In any type of battle, it is always good to have the best warrior on your side.  The glorious good news for God’s people is that there is no better warrior than the Lord our God.  He is our Warrior and the battle belongs to Him.  Zechariah encourages the people with this thought in 10:3b-5.  Look at those verses with me.  Notice why the Lords leaders will fight faithfully in verse 5: they shall fight because the Lord is with them.  The Lord will be their strength and He shall give them victory over their enemies.  The leaders that the Lord will raise up will be strong in battle and thanks to Him, they will have victory.  We can trust in Lord’s leadership because no enemy can have victory over Him.  He is the Sovereign Warrior for His people.

Third, the Lord is sovereign over all nations (10:6-11:3).

The Lord is in control of the nations.  Zechariah teaches us this truth by beginning with Israel.  Look at 10:6-7.  The Lord is going to care for His people.  They can trust in Him because He is committed to them, He is their God and they are His people.  He shall fill them with joy and gladness.  It is no small thing to be called the people of God.  It only happens because I have compassion on them.  But when it happens, our hope is secure.  When the Lord sets His affection on a people and has compassion on them, then their hearts shall be glad as with wine and their hearts shall rejoice in the Lord.  The Lord is sovereign over Israel and He is committed to restoring their joy.  Thus, they can look to Him and trust in Him.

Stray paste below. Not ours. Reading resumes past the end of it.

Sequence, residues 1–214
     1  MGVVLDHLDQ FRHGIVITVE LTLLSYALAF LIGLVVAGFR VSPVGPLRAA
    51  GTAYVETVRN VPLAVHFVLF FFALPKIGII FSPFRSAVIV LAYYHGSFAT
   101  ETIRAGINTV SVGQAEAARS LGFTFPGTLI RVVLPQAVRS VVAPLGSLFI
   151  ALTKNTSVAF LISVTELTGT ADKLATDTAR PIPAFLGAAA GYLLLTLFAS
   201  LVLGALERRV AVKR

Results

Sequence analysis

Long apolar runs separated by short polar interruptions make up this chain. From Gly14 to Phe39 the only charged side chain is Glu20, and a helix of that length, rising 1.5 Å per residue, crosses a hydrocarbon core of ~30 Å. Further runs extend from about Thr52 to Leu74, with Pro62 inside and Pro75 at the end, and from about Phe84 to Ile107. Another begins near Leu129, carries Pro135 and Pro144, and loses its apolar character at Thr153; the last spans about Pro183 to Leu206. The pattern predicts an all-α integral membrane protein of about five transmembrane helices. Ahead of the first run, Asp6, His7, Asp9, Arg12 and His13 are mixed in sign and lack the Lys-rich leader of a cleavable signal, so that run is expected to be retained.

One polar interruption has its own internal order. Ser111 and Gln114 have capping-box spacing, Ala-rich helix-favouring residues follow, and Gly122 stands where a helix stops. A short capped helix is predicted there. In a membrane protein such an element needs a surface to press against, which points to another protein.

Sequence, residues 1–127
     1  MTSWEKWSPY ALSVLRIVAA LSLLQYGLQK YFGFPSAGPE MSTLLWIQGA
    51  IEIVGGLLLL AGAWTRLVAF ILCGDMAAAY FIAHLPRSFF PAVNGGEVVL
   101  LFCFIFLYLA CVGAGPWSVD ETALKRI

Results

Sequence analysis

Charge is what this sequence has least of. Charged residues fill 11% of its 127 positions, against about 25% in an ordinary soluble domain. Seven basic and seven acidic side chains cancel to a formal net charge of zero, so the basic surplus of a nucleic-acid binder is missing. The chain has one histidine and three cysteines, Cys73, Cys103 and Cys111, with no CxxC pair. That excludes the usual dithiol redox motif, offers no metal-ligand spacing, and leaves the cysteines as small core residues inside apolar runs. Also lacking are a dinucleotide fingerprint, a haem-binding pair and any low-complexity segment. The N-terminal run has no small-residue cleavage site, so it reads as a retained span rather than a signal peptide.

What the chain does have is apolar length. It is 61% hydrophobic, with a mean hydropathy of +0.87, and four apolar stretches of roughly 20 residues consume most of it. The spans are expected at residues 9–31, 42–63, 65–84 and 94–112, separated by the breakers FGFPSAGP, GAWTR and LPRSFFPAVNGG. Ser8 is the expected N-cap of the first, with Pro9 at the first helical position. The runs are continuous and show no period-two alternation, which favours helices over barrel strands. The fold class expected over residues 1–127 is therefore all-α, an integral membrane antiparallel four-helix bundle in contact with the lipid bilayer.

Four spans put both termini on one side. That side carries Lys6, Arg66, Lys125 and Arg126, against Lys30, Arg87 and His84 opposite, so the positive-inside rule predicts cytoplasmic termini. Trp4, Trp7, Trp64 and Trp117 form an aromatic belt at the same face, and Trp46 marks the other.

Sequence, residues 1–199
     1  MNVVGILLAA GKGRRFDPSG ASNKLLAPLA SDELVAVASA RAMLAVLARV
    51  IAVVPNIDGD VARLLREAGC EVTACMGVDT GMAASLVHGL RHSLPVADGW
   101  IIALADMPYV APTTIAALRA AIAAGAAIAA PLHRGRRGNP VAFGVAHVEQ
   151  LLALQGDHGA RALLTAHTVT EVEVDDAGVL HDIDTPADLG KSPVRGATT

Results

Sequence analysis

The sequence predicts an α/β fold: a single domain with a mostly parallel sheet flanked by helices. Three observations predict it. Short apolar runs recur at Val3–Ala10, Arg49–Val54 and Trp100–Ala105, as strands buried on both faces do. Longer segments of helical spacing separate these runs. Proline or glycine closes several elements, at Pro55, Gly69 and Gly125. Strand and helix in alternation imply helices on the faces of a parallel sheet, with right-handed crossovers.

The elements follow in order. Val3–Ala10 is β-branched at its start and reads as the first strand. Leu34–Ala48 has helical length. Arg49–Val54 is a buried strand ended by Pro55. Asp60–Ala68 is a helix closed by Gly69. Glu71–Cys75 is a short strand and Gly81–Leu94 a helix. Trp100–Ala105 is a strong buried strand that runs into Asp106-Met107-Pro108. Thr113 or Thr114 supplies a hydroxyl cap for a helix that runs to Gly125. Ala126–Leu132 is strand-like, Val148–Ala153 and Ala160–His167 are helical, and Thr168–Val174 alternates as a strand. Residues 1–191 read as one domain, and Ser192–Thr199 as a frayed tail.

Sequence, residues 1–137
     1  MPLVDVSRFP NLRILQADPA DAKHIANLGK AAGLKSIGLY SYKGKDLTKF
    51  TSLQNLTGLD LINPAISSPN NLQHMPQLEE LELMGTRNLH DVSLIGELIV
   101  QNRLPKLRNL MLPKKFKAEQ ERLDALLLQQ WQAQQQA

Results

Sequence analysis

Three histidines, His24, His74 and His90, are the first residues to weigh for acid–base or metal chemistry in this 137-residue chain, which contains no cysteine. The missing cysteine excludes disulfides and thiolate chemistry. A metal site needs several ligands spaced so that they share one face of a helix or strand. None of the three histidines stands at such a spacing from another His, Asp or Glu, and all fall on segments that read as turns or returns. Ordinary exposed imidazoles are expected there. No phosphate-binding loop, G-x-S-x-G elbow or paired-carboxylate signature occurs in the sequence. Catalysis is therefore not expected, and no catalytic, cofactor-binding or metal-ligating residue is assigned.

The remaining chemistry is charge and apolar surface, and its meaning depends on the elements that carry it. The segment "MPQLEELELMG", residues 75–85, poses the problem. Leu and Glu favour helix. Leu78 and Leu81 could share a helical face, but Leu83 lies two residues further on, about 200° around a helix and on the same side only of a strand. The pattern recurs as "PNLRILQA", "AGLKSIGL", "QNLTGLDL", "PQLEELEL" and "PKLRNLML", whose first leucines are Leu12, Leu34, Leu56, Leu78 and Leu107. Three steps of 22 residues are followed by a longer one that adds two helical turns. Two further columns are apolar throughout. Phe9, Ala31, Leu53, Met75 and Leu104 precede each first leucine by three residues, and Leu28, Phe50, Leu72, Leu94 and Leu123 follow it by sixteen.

Not only this, but as we have seen before, the Lord is also sovereign over the nations.  Many in Israel may have wondered about all the people who had been taken into captivity.  Yet, the Lord had shown them that He can bring them back because He even controls foreign kings.  Look at how this is described in Zechariah in verses 8-12.  Notice how many times the Lord says ‘I will’ in verses 6-12.  I will strengthen…I will save…I will bring them back because I have compassion…I will whistle for them for them and gather them in, for I have redeemed them…I will bring them home…I will make them strong.  Is chance controlling this?  Is Israel saving themselves?  Are the foreign kings in charge?  No, the Lord is sovereign over all of this.  He is bringing all of this to pass.  He is sovereign over all the nations.  In fact, the leaders in the nations will weep and wail because of the Lord’s judgments.  Look at 11:1-3.  The Lord will have victory over all for none can stand before His sovereign reign.  Thus, His people can trust in His leadership because He is sovereign over them and their enemies.

Fourth, the Lord is sovereign over all leaders/shepherds (11:4-17).

As I said earlier, a shift takes place in verse 4 of chapter 11.  Yet, I believe that Zechariah is still giving his readers reasons why they can trust the Lord.  In these verses the Lord is making it plain that He is sovereign over all of the leaders/shepherds in Israel.  How does the Lord teach us this?  First, he tells Zechariah to role play the part of a shepherd.  Look at this in verses 4-6.  The current leaders were unfaithful (as we saw in 10:2b-3a) and the Lord wants Zechariah to represent a faithful shepherd.  Zechariah obeys the Lord’s command in verse 7.  Look at that with me.  He takes up two staffs: favor, which represented the favor they had with the nations and union, which represented the unity in Israel.  Yet, something immediately goes wrong.  Look at verses 8-14.  Zechariah drives out three of the worthless shepherds, but the people still reject him.  Thus, he tells them that he will no longer be their shepherd and he breaks the two staffs, symbolizing their loss of favor with the nations and their lack of unity as a people.  This is not what we might expect.  So then, is the Lord sovereign over this rejection?